LOTS 381-500 BANKNOTES

421422423424425426427428429430431432433434435436437438

LOTS 601-849 STAMPS

There are no lots in the range 501-600. I have already covered the stamps in a previous post

LOTS 850+ SILVER AND OTHER STUFF

A mixture to end the auction…

856
Lot 856
857
Lot 857
858
Lot 858
859
Lot 859
860
Lot 860 – a close look athe markings on these pens will tell you why there are four of them in the set.
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The next three images (lots 881, 882 and 883) are motoring badges from yesteryear.

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Lot 861 – there are 24 slides in total in the wooden box…
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…of which my employer wanted close-up shots of four…
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…and a very close up shot of this one to feature in the printed catalogue.
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We end with lot 855 (four-image gallery) – a very interesting little commemorative clock.

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Imaging For January Auction Under Way

An account of my work on the stamp section of James and Sons January auction.

INTRODUCTION

Over the course of Thursday and yesterday I was finally able to start the work of imaging for James and Sons January Auction (30th and 31st January). I was dealing with stamps, and most of the rest of this post deals with the two days work in question.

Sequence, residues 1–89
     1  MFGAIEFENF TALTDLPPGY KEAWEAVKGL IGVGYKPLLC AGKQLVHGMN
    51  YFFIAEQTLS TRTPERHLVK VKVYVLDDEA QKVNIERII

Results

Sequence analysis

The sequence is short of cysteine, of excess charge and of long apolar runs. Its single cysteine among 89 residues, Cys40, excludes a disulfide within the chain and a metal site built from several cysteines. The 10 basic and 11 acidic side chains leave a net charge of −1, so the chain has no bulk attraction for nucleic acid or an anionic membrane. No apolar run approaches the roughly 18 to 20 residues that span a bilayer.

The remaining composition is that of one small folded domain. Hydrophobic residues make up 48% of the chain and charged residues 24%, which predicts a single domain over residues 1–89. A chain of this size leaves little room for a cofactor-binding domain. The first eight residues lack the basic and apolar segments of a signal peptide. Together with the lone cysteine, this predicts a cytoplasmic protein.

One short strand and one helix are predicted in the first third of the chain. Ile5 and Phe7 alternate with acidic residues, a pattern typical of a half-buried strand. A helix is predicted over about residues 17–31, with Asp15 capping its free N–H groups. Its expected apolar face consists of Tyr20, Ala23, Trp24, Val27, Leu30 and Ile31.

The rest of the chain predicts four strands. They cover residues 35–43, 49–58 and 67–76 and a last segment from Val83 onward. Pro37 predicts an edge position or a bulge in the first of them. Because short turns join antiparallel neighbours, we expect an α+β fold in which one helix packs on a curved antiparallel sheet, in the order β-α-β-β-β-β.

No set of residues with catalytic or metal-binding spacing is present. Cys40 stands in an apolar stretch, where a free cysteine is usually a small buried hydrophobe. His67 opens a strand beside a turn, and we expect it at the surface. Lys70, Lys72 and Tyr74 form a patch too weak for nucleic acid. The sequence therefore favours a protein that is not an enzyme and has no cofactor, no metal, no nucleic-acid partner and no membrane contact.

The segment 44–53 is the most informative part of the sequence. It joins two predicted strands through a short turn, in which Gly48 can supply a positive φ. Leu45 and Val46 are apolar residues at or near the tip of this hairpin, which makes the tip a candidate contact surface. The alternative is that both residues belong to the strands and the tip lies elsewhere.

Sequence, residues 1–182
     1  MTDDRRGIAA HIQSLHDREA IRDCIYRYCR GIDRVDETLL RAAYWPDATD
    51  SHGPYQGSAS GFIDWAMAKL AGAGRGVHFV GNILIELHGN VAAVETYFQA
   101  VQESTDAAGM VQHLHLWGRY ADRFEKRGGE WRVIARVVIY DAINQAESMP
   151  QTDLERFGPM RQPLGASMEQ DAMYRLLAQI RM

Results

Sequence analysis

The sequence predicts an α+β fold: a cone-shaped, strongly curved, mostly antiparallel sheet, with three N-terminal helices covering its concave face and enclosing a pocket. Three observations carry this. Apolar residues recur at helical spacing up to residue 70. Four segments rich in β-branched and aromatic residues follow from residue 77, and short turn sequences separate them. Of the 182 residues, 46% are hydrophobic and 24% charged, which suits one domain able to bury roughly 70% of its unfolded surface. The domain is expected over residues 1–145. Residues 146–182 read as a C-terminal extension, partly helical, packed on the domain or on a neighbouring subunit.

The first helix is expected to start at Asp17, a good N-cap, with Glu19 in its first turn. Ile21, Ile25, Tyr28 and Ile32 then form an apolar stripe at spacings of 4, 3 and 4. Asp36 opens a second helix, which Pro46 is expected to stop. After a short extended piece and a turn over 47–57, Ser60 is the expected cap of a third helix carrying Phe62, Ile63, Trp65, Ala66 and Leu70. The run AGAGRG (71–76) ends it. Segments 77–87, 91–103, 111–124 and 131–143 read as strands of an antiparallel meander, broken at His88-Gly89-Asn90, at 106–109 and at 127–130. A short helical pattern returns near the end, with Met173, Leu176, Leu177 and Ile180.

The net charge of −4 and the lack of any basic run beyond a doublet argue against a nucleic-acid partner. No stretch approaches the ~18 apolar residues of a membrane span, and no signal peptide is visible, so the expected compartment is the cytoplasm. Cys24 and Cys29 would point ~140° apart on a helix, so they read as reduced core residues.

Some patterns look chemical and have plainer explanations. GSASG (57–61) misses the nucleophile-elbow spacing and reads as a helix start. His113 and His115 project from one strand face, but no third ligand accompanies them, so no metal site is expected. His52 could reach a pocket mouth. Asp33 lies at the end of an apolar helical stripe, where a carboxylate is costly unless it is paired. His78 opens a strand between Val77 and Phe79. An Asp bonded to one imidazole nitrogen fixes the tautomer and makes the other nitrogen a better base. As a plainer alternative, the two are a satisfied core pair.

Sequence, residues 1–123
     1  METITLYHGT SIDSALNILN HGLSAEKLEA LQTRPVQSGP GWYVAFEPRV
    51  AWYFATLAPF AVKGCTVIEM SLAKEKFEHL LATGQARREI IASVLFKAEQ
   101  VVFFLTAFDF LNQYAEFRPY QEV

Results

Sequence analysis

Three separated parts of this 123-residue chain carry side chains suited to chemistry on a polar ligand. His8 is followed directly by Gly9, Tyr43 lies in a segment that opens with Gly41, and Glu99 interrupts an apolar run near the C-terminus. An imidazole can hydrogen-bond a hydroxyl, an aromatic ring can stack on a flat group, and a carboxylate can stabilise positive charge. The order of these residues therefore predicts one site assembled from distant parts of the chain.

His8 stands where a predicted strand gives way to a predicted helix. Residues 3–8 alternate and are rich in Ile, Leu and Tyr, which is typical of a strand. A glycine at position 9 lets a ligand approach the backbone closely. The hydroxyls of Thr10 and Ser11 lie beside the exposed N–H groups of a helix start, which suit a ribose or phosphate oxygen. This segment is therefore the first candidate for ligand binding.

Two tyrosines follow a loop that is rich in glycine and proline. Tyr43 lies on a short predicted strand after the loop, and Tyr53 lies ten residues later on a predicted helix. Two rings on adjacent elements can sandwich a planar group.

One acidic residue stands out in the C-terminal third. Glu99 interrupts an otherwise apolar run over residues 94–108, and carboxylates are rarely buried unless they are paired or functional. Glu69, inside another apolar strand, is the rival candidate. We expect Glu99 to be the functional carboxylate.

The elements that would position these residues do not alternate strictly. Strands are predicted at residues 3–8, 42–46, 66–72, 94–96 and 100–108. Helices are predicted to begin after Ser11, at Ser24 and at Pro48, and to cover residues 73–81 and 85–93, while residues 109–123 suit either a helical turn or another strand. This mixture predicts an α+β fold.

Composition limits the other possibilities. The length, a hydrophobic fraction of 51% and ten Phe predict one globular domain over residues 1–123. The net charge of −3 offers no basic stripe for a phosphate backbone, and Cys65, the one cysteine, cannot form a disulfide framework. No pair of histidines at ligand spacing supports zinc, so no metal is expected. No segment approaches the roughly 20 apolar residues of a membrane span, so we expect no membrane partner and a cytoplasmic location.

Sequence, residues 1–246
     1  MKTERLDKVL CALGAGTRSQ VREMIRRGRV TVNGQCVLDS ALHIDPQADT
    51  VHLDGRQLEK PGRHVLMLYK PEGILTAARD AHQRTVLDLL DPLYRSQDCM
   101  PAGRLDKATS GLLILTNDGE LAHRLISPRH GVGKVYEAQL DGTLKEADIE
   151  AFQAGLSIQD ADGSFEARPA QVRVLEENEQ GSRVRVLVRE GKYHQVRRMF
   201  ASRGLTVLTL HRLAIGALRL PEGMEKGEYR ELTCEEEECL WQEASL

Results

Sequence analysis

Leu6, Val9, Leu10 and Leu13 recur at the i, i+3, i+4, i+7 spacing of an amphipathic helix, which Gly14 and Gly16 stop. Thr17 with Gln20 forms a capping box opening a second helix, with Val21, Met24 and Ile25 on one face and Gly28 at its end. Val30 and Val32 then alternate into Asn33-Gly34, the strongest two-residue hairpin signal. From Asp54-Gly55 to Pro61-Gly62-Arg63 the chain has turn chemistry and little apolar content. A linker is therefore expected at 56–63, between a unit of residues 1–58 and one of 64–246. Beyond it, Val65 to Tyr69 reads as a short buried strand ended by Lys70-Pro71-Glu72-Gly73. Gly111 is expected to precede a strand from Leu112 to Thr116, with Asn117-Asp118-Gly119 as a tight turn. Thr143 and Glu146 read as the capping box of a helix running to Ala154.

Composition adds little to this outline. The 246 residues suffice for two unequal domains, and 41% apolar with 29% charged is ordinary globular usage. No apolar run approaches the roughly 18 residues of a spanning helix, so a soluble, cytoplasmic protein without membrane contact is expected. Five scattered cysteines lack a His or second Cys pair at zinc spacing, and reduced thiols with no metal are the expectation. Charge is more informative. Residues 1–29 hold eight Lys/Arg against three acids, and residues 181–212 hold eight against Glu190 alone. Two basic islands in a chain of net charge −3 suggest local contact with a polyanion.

A BANNER ON THE ARMOURER WEBSITE

One of the publications I contacted regarding a very rare Jutland medal group that will feature in our January auction was The Armourer, and although we were too late for their print deadline they agreed to put something on their website. Here is a screenshot of the top of their current homepage…

Armourer

STAMPS – FRAMEWORK

The stamp lots in this sale are numbers 601-850. Over the course of the two days I imaged all the lots, moved them to where they were being stored prior to auction, labelled said storage area and made sure that this section was as complete as I could make it. Some of the items had already been imaged, and in those cases I located the images and transferred them to the new file. Otherwise I photographed the large items and scanned the small ones. 

THURSDAY – LARGE ITEMS

I dealt with the big stuff first, and when that was all done I went through the smaller items deciding which could be scanned and which needed photographing, and photographed the latter, leaving the scanning and final organisation for the Friday.

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FRIDAY – SMALL ITEMS AND ORGANISATION

My employer was at a collector’s fair in Diss, leaving me in charge at the Fakenham end of things. I scanned the small stamp lots, checked the image sequence for gaps, noted the gaps, created labels for the shelves where the stamps were being stored, and also for the binders and boxes containing the smaller stamp lots (A4 size sheets in binders, smaller lots in boxes). Labelling the binders involved measuring the width of the spines so that I knew how wide each line of text could be and could set appropriate margins. At the very end I created a document to go in the front of a binder containing stamp lots that had not been given their numbers which detailed which numbers in the stamp range had not been used thus far. This done it remained only to finish my ersatz ice-coffee (a regular cup of coffee which because I had not had time to drink it had cooled to become an ice-coffee!) wash the cup, make sure all the images were in the auction file, close my computer down properly, gather my stuff, turn out the lights, activate the alarm and lock the place up. 

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748
The secondary images for this lot and lot 749 were my only photographs of the day.